30 May 2013

Help Found

On Liner Queen Mary.

LONDON, May 29. A stowaway discovered in the port engine room of the Queen Mary, a Cardiff unemployed man, Frank Gardner, aged 41, was given work as a kitchen hand on the Queen Mary.

- Townsville Daily Bulletin, Queensland, May 29, 1936

25 May 2013

Royal Visitors


Visit to Liner Queen Mary.


LONDON, May 25.

The King left Fort Belvedere by air for Southampton for the Royal Family's inspection of the liner the Queen Mary. Queen Mary, the Duke and Duchess of York, the Duke and Duchess of Gloucester, the Duke and Duchess of Kent, and Princess Elizabeth travelled by train.

Conducted by Captain Sir Edgar Britten, the commander of the liner, the King, Queen Mary, and the Royal party extensively toured the liner. The Queen devoted special attention to the kitchens, while Princess Elizabeth enjoyed the delights of the children's playroom, where she delightedly slid the chute. Later the King and his brothers inspected the engines, all of which were in motion. The visitors expressed their amazement at the lack of vibration.

- The Sydney Morning Herald

23 May 2013

Passenger from Down Under


Australian Passenger

SYDNEY. Saturday.--Only one Australian--a Melbourne man--will be a passenger on the Queen Mary when she sets out from Southampton on Wednesday on her maiden voyage.

For later trips the chairman of the Commonwealth Bank Board (Sir Claude Reading) and Mr. Stuart F. Doyle have booked passages.

The Melbourne man applied direct to London more than a year ago. Bookings for the maiden voyage were complete two years ago, and the berths booked since then have followed cancellations.

No Australians have been allotted cabins on the return maiden voyage on June 5, but there will be a few in the tourist class.

- The Mail, Adelaide, SA

21 May 2013

Queen Mary Story also may be found on Tumblr:  http://queenmarystory.tumblr.com/

Hope to see you there.

18 May 2013

Queen Mary Tramps Over Warship

HMS Curacoa


Ten Men Survive From Warship

LONDON, Friday: One of the worst naval disasters of the war occurred in October, 1942, when the 81,000-ton liner Queen Mary collided with the 8700-ton cruiser Curacoa. The Queen Mary cut the cruiser in two with only 10 survivors, 335 officers and ratings being lost.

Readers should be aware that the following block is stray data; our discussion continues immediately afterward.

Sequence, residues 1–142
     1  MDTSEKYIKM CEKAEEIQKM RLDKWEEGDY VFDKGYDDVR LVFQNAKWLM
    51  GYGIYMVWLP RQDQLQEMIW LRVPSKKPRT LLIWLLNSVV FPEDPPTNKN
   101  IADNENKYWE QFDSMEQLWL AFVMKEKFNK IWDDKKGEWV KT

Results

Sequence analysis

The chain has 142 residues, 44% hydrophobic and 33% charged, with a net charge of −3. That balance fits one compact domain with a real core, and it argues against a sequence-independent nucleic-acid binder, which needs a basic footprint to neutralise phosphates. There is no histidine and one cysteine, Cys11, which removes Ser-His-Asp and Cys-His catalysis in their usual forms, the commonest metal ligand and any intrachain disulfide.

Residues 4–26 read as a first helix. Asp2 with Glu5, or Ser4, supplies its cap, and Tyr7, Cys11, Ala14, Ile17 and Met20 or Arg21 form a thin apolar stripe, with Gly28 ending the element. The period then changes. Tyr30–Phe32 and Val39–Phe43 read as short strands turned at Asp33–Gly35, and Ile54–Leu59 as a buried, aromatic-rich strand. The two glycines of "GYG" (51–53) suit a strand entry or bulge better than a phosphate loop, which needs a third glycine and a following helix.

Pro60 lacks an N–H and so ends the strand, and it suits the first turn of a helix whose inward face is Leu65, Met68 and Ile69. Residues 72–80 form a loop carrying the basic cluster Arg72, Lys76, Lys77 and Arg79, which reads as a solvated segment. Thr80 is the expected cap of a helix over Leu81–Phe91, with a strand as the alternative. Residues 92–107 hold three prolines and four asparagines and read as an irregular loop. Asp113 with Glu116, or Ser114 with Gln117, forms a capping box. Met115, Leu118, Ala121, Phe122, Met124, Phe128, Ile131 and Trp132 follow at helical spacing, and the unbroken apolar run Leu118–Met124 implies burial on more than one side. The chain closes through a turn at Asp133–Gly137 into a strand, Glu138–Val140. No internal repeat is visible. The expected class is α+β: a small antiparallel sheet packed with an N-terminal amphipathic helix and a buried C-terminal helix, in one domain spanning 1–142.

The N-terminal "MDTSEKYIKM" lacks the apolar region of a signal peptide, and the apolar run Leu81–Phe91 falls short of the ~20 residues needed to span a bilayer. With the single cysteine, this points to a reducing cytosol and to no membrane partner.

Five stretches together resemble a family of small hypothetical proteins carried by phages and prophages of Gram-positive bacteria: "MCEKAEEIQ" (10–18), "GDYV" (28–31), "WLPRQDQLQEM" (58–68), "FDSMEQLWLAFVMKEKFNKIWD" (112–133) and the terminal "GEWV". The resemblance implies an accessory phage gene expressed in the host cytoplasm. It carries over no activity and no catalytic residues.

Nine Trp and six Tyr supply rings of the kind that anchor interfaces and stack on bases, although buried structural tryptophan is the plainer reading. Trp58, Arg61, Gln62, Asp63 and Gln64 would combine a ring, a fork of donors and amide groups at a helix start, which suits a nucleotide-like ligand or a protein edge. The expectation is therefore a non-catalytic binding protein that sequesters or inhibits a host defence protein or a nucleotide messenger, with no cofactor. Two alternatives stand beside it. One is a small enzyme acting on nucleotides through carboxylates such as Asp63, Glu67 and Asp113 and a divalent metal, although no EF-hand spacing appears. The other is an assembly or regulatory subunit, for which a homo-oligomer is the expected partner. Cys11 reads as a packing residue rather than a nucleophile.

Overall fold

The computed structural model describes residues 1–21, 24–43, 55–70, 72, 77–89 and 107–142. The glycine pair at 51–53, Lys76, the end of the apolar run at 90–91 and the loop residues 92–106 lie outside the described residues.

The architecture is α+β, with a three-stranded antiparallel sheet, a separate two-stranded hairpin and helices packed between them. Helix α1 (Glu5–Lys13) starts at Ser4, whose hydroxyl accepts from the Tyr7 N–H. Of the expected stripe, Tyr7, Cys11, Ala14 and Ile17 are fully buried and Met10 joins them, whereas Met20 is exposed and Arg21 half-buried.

The disaster happened at night time. The Queen Mary suffered only slight damage and no casualties.

Solicitors acting for the Admiralty have applied to the High Court to hear claims on behalf of the dependents against the Cunard Line, amounting to £75,000. The hearing has been set down for next month. It is likely to continue for several months with witnesses coming from all parts of the world.

The Daily Telegraph says that the Queen Mary, escorted by two cruisers, was travelling all out for the Clyde with 15,000 American troops aboard when the look-out man raised a U-boat alarm. The Queen Mary immediately wheeled to the starboard and the Curacoa simultaneously raced towards the U-boat. The liner travelling at 30 knots crashed full into the cruiser.

Nothing could withstand such a shock. Eye-witnesses said the Queen Mary simply "tramped over the warship."

The liner couldn't stop to pick up survivors but raced on at full speed. There were dents in her bows when she arrived in the Clyde, and it was obvious there had been a serious mishap, but the full story was not known until survivors of the Curacoa were picked up. The regular sailings of the Queen Mary were not interfered with and a new bow was fitted on her return to New York.

- Goulburn Evening Post, New South Wales, May 18, 1945

05 May 2013


Empire Timbers Used in Queen Mary

Interior decorations in the Queen Mary are strikingly modern and Australian timbers are conspicuous in many of the liner's principal rooms, according to Mr. J. S. Hall, a young Adelaide architect, who returned this week after 18 months abroad. Mr. Hall was one of the special staff commissioned by Mewes and Davis, a firm of London architects, to design the interiors for the giant Cunarder.

Extreme simplicity was the keynote of our work, he said yesterday. Period and classical arrangements were completely discarded. A new trend which was carried out in the Orient liner Orion, Timber had replaced fibrous plaster in the ceilings and painted and lacquered ply-woods predominated. For decorative effects reliance was placed on the grain of the timbers and the shadows cast by the diffused lighting systems. Empire timbers were exclusively used. The use of timber would certainly prove less costly than the glass panels featured in the French liner Normandie, which had frequently splintered and cracked as a result of the vessel's vibration.

- The Advertiser, Adelaide, SA, May 5, 1936